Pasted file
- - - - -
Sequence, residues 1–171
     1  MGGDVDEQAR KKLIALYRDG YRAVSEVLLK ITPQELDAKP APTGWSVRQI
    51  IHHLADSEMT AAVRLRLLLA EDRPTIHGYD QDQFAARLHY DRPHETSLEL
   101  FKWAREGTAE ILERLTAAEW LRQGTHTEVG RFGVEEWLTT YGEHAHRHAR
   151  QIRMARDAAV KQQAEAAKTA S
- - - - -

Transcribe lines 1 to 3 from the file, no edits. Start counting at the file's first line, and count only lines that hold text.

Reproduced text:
Sequence, residues 1–171
     1  MGGDVDEQAR KKLIALYRDG YRAVSEVLLK ITPQELDAKP APTGWSVRQI
    51  IHHLADSEMT AAVRLRLLLA EDRPTIHGYD QDQFAARLHY DRPHETSLEL